9.What is your favorite aquatic plant and why?
10.Are there any questions I should have asked that you would like to answer?

You donít have to answer all of these, but that would be nice. I could use different answers from different people. Just put the number in front of each question you are answering. I apologize for the length.

Thank you,
Peter
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post #2 of 8 (permalink) Old 04-17-2007, 02:37 AM
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question 6. might be too technical for an interview magazine article.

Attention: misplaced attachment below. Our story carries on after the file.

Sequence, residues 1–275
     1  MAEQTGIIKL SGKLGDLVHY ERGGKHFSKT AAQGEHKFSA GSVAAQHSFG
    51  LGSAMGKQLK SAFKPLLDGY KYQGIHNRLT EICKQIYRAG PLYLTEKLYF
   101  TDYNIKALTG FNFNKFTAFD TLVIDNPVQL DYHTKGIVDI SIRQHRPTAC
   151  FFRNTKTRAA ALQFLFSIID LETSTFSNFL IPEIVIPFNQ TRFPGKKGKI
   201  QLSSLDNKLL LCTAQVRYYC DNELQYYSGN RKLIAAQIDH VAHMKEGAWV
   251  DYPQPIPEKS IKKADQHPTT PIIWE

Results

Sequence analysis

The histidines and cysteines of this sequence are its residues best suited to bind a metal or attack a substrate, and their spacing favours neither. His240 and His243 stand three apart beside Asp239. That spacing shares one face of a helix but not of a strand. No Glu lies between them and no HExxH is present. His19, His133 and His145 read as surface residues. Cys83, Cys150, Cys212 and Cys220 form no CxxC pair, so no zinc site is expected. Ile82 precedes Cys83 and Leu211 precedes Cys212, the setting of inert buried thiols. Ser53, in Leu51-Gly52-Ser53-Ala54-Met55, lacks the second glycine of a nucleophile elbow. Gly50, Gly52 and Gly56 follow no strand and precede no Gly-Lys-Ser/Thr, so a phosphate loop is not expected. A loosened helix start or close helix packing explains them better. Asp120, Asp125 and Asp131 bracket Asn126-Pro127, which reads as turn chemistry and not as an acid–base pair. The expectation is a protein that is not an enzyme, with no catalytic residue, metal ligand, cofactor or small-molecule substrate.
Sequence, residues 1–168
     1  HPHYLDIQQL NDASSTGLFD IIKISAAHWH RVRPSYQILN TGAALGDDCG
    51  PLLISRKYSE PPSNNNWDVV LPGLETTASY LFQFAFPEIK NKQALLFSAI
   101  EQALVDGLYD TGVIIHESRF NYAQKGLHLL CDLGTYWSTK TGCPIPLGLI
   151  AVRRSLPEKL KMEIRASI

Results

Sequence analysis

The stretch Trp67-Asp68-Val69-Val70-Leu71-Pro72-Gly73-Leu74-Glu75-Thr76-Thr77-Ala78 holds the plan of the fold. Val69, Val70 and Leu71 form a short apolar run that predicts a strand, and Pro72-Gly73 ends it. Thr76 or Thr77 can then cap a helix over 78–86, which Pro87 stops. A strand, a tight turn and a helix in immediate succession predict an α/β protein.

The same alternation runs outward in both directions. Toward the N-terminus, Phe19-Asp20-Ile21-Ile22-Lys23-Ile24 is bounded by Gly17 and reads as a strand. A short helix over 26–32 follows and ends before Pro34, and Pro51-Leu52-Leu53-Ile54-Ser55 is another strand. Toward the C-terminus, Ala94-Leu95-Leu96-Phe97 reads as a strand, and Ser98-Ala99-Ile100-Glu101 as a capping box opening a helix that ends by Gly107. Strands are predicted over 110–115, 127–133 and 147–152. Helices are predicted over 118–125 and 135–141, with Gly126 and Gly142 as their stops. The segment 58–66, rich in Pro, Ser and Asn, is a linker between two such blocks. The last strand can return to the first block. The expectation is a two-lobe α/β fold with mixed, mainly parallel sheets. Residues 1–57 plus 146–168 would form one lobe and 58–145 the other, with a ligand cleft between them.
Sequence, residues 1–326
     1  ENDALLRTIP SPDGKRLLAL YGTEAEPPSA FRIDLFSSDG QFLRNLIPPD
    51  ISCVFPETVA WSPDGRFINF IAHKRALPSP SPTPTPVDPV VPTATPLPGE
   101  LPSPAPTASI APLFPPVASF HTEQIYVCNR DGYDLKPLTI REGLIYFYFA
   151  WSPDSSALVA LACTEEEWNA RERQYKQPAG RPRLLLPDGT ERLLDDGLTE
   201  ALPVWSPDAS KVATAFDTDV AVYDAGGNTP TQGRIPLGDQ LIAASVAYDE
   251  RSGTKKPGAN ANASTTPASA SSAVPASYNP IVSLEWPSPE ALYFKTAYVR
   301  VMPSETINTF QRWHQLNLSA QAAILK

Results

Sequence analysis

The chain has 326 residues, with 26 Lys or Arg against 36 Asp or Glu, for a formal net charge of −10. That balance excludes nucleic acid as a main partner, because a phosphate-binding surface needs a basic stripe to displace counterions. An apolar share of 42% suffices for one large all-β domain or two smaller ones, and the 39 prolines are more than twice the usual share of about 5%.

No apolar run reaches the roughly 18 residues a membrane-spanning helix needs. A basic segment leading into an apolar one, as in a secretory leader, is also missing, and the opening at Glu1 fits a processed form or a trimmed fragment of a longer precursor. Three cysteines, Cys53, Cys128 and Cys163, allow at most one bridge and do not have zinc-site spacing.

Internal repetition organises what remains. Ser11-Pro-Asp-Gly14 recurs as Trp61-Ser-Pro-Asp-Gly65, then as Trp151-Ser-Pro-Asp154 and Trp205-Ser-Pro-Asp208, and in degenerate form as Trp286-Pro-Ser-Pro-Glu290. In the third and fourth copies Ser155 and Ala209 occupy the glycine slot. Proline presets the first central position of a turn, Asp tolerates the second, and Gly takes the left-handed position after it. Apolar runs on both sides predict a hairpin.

8.Are there any aquarium plants that have unique adaptations?
you may want to clarify this question; what's that supposed to mean?

you can probably answer all those questions
yourself given your years of tank keeping.


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post #3 of 8 (permalink) Old 04-17-2007, 02:48 AM Thread Starter
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spyset,

#6 may be too technical but I will wait and see the answers.

As for the unique adaptations here's an example: Common Bladderwort has little pouches under pressure that suck in water when brushed by small invertabrates, thus sucking in the small animal. They than use digestive enzymes to break down the invertabrate and convert it to food.

I probably could answer these questions myself. Unfortunatley, I am not allowed to interview myself.

Thanks,
Peter
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post #4 of 8 (permalink) Old 04-17-2007, 02:56 AM